For decades now, companies have been hedging, especially those that are in the commodities business or depend heavily on commodities. But until recently, it was hard for outsiders to understand how companies used contracts. But in 2008, the Financial Accounting Standards Board’s Rule 161 required public companies to classify derivatives in their filings as either hedging vehicles or non-hedge derivatives. A team of academic accountants recently examined the filings of 87 oil and gas companies and found a remarkable amount of their hedging was actually economic, or speculative, in nature. According to their paper, “More than six out of every ten firms studied actually use the instruments for purposes other than managing risks.”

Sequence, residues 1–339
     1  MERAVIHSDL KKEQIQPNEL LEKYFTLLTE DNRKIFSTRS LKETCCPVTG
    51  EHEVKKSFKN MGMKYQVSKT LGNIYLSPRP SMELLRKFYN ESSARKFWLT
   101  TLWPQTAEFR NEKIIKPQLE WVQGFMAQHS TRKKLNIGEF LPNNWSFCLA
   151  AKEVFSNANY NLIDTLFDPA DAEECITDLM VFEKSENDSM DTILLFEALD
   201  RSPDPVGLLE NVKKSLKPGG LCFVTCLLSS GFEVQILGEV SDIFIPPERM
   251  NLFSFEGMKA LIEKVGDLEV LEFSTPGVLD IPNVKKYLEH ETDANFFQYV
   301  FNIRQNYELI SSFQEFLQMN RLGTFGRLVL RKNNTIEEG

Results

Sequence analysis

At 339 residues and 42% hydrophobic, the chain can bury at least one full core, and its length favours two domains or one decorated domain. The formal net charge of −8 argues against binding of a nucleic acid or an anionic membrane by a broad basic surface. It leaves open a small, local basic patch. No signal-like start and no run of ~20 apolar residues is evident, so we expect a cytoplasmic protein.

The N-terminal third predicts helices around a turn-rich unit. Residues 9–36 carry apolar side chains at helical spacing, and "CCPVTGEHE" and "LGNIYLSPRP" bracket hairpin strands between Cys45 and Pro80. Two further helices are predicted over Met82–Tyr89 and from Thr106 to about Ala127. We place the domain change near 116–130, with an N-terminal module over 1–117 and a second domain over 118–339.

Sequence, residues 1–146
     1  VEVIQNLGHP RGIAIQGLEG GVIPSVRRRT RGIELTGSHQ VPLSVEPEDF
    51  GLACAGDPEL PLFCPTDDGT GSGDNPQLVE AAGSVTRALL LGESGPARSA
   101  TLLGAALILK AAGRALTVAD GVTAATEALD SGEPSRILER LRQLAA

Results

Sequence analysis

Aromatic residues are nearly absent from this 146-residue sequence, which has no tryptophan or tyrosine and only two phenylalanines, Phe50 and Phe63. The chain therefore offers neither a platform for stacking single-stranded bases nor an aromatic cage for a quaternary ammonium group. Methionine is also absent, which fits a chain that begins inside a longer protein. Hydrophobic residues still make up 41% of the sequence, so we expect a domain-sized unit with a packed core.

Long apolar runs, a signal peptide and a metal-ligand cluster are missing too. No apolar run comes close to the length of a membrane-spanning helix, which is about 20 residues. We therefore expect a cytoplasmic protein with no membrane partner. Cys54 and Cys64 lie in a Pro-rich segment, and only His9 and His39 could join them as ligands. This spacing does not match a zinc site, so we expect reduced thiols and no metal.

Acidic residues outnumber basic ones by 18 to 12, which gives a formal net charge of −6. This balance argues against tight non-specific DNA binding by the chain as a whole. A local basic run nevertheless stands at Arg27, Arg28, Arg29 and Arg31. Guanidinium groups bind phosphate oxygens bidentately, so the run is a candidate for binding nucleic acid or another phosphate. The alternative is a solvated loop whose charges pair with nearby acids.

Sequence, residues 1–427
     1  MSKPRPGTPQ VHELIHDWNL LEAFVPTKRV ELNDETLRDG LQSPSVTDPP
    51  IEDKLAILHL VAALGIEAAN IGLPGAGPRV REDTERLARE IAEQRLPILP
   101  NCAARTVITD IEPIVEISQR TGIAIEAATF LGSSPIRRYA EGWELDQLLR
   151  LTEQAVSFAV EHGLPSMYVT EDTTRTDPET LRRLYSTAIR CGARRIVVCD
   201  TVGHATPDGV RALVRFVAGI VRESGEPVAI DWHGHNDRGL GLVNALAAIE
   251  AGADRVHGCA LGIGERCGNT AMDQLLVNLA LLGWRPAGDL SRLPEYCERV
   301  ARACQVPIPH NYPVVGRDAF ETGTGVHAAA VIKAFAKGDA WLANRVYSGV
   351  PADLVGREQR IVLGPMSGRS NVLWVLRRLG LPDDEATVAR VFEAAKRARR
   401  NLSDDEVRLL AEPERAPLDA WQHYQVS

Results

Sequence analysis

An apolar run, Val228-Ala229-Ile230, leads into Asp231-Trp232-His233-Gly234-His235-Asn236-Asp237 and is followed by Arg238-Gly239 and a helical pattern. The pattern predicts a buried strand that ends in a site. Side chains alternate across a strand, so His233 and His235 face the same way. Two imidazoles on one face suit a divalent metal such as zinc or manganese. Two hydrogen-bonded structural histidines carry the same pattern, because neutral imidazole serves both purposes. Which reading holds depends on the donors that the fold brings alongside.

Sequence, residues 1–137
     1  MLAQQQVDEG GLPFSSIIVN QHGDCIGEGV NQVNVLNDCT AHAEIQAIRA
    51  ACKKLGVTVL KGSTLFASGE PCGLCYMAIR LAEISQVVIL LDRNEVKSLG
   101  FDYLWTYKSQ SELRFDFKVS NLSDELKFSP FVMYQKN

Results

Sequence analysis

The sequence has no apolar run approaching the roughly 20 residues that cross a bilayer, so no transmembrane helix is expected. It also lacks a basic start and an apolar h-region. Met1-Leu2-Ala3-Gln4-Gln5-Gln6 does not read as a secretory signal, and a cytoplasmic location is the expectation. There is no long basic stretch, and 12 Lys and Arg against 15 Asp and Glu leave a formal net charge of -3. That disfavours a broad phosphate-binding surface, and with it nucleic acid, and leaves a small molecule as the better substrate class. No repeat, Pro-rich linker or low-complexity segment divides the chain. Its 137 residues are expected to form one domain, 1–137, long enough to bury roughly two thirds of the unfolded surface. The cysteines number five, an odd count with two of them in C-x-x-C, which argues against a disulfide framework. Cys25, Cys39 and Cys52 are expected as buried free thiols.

Swaminathan Sridharan, one of the study's authors and a professor of accounting at Northwestern University’s Kellogg School, was surprised by the finding. “Some 62% of hedges in the oil and gas industry don’t qualify for hedge accounting.
The market performance of the companies suggests such practices don’t fool investors. “We find the market penalizes those companies that use non-hedge-designated derivatives,” Sridharan says.
At least one accounting expert questions the study’s conclusions. “I suspect there is some speculative use of derivatives going on here, but I think the reason for most of the non-hedge accounting is that companies simply get sick of trying to comply with Rule 161,” says Ira Kawaller, principal at Kawaller & Co.